The Commitments and Cultural Appropriation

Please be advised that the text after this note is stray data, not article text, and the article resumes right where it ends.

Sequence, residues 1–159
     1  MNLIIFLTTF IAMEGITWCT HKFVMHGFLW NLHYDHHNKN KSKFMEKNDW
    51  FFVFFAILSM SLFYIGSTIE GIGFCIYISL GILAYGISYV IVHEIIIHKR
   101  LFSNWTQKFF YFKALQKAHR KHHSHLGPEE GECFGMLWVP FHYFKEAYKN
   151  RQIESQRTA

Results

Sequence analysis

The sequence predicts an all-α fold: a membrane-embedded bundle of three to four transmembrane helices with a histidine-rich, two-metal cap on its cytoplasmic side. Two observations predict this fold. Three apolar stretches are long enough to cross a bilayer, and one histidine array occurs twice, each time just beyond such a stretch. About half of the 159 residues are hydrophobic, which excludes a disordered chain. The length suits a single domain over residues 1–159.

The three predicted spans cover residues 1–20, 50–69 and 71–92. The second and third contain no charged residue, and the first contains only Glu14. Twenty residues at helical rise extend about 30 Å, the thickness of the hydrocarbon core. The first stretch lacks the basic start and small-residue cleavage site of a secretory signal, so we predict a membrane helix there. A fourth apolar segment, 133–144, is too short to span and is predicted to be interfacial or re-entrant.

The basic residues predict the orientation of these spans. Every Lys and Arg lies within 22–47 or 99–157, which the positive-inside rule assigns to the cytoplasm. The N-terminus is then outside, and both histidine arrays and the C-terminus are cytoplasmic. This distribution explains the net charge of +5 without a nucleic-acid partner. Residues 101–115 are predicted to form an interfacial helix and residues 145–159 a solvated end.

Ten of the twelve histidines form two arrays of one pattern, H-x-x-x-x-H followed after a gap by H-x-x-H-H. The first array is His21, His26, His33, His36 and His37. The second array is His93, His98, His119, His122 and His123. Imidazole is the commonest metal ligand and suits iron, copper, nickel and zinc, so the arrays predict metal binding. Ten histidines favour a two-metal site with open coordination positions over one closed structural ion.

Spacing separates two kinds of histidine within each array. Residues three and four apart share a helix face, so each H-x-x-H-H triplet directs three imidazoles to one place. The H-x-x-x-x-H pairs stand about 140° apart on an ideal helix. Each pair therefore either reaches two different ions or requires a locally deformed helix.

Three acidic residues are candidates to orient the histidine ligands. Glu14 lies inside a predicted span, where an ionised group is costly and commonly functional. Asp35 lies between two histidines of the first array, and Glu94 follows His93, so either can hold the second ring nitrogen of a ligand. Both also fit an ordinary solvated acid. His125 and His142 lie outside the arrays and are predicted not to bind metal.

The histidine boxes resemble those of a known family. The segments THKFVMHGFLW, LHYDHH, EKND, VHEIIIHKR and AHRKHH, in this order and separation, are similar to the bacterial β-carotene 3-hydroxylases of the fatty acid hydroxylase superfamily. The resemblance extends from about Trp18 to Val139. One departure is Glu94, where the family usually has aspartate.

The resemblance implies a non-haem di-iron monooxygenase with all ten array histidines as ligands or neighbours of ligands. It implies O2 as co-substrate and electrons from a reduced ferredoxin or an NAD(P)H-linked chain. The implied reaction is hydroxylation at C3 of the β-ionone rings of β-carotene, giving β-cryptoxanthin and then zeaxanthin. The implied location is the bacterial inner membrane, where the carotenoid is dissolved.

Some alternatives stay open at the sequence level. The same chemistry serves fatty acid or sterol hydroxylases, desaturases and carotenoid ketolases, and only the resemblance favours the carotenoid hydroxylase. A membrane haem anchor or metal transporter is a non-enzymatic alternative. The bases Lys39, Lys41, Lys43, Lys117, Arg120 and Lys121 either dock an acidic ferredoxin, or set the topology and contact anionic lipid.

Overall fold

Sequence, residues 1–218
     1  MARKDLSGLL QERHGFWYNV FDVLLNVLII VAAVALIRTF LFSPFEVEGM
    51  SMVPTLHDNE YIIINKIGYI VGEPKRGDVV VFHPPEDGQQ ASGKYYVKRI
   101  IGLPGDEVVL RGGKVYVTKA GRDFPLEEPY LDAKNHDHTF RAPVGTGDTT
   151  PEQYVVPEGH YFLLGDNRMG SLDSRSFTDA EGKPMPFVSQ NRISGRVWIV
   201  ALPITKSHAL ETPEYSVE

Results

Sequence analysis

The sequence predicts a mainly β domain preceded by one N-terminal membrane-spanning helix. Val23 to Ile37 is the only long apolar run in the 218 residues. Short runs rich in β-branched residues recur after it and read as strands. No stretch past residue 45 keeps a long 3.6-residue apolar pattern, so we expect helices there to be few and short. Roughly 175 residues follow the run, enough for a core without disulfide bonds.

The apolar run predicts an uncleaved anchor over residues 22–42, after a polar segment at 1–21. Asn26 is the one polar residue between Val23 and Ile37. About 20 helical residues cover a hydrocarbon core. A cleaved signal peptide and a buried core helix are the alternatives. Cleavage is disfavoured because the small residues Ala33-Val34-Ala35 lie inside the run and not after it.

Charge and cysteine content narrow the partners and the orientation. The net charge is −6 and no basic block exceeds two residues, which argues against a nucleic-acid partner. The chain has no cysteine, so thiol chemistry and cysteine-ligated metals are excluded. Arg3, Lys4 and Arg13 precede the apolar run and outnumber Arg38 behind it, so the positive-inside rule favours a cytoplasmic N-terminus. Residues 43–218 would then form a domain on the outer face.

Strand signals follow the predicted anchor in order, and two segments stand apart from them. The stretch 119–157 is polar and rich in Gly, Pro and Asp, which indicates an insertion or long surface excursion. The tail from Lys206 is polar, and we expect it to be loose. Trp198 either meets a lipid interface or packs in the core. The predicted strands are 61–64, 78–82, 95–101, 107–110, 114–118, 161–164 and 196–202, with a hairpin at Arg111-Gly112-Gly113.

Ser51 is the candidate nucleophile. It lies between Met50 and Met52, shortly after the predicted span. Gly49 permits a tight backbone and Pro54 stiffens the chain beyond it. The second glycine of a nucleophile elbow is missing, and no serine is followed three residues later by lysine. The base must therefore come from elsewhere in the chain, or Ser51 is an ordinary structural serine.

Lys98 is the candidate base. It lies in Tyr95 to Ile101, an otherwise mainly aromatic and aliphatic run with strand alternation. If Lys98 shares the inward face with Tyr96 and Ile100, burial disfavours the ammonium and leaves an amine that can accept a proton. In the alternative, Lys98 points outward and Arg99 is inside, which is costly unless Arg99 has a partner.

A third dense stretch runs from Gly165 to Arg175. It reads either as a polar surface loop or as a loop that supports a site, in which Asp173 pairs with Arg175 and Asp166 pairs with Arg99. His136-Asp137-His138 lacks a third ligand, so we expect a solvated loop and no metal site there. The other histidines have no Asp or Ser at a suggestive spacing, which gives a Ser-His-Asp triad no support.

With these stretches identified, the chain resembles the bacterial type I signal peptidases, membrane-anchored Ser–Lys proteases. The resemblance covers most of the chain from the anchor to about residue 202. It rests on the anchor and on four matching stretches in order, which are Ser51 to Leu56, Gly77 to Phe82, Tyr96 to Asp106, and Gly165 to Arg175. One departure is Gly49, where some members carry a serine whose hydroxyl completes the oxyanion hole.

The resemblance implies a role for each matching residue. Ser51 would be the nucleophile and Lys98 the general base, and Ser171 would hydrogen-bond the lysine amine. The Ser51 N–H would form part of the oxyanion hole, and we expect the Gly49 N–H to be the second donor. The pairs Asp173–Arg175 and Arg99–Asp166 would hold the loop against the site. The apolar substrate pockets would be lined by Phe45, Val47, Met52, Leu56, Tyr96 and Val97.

I really enjoyed both reading and watching The Commitments, and found it very interesting how this story displays a convergence of the Black and Green Atlantics through music. The band members were drawn towards soul because it was music of the working class— “Soul is the politics o’ the people”— and invented by Black Americans (38). In the film, when describing his inclination towards soul, Jimmy says “The Irish are the blacks of Europe, and Dubliners are the blacks of Ireland, and the northside Dubliners are the blacks of Dublin.” I noticed that during this scene in the book, his character says almost the exact same lines, but uses the N word instead. This and several other instances of anti-Blackness in the movie and novel, along with The Commitments’ use of a Black musical style, had me thinking about our discussion in class about appropriation. One of the ways that cultural appropriation is described today is when someone adopts an aspect of another culture without understanding the significance of it and the way in which it fits into that culture’s history— and this is most often a culture that has been oppressed or marginalized. I think it’s fair to say that the characters in The Commitments do not have a full understanding of African American history, and how soul music was intertwined with the Civil Rights movement. They have an understanding of soul as working class music, but there is not an acknowledgement of the nuances that separate their experience as working class Dubliners in the 1980s from those of Black Americans in the 1950s and 60s. At the same time, I do believe their adoption of soul music is out of respect and admiration, and that they aren’t trying to claim soul music as a genre they invented, but rather cover existing songs and pay homage to the great Black Soul artists. I am curious if any of you have thoughts on this topic— are The Commitments culturally appropriating by playing soul?